I spent ten bucks on what looked like three dead twigs, but I knew that in good time those sticks would produce for me some sweet, sweet hops. After going to my first homebrewing class, we were invited over to the shop to purchase any materials that we would be needing to further our endeavors to become master brewers. One of the items offered in a small, upright cooler were the raw materials to make your own hops, and they looked like non-descript brown sticks. Since hops do not grow from seed, they instead proliferate from cuttings known as rhizomes. These rhizomes are offered in all of the well known public domain varieties of hops; Cascade, Golding, Willamette, Fuggle, Saaz and more. Since I was also getting into gardening at the same time, I whole-heartedly welcomed the idea of my own hand cultivated hops.
Enter the intersection of Dwight Avenue and 38th East. This formerly vacant lot in Minneapolis is home to the cities, and possibly the countries, first hop community garden. A project started by lead member of the state’s Beer Activists, a group more used to filling out paperwork to amend beer laws, is now putting shovel to soil and in the process re-purposing a vacant space in the city while bringing together a community known for its passion.
Andrew Schmitt, Executive Director of the Minnesota Beer Activists. has been mulling over this idea for over two years. Now, with a little effort, they are getting underway on the necessary infrastructure, planting the cuttings, and building resting places for the weary gardeners. Just like a regular garden cooperative, members split tasks required for upkeep, and then get to reap the rewards at harvest time. Hops usually mature in late summer/early fall, which can then be used for various homemade brews. Whether rounding out a malty brown ale, or cranking up the IBU’s on an IPA, hops are a vital element to any and all beer. And as someone who has harvested his own, whole hop cones are a far more elegant addition than pressed hop pellets.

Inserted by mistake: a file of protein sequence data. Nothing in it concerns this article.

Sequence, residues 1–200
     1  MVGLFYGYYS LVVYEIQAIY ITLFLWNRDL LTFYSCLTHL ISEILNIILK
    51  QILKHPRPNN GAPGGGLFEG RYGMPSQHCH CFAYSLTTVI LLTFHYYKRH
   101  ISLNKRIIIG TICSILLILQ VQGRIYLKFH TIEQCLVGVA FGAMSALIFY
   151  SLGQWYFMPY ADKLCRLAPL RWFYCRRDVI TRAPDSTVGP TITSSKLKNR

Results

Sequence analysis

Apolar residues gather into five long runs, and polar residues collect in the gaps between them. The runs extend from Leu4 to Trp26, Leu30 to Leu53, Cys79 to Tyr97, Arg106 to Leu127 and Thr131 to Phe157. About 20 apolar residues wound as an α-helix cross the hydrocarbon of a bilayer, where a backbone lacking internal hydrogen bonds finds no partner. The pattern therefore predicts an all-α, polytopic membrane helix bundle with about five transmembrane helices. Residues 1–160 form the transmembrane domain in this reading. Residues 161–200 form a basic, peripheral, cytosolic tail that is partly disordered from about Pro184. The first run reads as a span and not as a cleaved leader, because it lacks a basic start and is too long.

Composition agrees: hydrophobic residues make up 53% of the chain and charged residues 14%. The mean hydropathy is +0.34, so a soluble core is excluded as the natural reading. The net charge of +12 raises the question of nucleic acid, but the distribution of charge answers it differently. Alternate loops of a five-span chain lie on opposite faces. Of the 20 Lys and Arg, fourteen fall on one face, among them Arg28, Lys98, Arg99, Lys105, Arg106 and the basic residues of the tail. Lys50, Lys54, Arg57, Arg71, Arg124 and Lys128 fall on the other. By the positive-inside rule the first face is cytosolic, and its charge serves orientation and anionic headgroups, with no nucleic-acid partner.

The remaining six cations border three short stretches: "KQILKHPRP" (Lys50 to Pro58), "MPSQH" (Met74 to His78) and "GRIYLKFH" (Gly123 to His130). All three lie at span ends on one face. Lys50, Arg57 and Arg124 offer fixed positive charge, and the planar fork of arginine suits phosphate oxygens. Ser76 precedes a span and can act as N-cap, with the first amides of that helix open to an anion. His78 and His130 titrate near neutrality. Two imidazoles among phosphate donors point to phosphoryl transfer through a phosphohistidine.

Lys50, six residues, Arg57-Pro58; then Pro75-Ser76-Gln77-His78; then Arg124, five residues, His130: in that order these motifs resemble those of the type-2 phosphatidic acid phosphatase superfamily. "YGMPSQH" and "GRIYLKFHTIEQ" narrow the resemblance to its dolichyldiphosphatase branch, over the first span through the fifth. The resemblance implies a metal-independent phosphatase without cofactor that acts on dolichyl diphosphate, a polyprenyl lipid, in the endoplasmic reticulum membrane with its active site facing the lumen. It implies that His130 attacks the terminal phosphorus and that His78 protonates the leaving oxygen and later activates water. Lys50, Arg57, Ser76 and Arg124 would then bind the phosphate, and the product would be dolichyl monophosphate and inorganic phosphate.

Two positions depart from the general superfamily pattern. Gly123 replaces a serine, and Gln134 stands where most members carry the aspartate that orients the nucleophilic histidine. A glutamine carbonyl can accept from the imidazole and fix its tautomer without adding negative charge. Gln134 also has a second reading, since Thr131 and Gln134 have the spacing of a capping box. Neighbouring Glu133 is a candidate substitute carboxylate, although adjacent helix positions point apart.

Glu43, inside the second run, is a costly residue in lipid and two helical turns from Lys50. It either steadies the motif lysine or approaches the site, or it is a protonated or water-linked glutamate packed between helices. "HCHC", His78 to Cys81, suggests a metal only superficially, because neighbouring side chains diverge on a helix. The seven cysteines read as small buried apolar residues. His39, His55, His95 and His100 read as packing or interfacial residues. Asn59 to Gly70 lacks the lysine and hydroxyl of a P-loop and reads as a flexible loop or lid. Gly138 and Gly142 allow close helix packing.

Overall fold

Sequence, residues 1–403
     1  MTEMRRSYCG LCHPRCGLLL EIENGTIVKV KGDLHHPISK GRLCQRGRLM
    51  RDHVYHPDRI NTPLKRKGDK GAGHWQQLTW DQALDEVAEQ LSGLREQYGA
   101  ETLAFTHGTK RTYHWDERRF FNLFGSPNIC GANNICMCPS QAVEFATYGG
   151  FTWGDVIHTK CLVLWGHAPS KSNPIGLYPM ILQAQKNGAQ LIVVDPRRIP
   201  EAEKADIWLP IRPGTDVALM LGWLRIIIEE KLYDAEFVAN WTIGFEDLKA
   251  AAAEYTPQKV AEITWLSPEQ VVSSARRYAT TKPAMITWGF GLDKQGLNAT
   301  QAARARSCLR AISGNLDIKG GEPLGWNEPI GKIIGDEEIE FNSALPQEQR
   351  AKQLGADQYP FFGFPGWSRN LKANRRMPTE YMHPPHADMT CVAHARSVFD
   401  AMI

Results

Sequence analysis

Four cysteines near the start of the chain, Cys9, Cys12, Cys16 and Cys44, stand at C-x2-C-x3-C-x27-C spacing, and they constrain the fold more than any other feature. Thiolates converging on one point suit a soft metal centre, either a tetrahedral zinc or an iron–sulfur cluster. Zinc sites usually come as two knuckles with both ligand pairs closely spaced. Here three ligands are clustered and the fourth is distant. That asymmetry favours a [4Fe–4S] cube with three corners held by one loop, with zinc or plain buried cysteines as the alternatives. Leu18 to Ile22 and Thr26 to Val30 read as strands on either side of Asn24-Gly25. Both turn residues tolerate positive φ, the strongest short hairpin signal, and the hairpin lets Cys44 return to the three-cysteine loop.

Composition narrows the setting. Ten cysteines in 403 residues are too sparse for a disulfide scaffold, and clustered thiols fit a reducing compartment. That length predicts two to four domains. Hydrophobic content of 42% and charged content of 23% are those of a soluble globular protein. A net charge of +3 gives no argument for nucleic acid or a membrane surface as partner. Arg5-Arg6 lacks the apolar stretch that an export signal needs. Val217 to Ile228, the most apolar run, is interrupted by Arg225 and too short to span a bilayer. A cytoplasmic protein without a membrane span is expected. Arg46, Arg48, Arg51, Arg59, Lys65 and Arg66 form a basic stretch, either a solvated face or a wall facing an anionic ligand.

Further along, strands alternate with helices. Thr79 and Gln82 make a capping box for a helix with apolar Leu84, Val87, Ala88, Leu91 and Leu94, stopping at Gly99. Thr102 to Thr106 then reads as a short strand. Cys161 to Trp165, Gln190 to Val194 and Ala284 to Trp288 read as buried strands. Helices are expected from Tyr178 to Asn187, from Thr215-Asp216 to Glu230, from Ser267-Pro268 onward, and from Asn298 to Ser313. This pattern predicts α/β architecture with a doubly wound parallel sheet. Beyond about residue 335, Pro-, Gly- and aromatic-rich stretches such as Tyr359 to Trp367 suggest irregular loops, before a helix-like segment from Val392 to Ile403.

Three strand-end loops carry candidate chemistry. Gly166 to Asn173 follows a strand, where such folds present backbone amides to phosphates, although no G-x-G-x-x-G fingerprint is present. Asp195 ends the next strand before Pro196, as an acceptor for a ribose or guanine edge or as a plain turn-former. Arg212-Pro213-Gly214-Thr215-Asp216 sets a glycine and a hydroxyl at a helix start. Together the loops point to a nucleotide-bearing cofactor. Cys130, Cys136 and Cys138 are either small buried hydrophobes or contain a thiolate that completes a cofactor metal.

Community hop gardens are a fantastic idea. Hops bines are a lot like urban dwellings. Their footprint is small but they make up for that in sheer height, growing as tall as 15 ft. Attach some bolts to a blank brick facade and with a little sun you have an environment suited for growth. And with the other buildings knocking back the wind, you don’t to worry about your trellises being blown over by a freak gust of wind. A little elbow grease and you could get some yields out of several different varieties enough to please everyone, maybe even to sell in order to recoup the costs of materials and rent.
Several years after purchasing those rhizomes, I still enjoy having home grown hops, but my alpha acid aspirations have somewhat softened. For one, hops tend to take a while to get a good hold on their environment before they produce in anything close to useful yields. The one variety, Cascade, produced that same year, and is by far the best producing plant out of the three I purchased. The other two, Golding and Willamette, still struggle in my somewhat underwhelming garden. They can also require a lot of upkeep and hard work in order to harvest them. One man without much time does not a hop Eden create. But a community hop garden in virtually my own back-yard would be a beautiful compromise.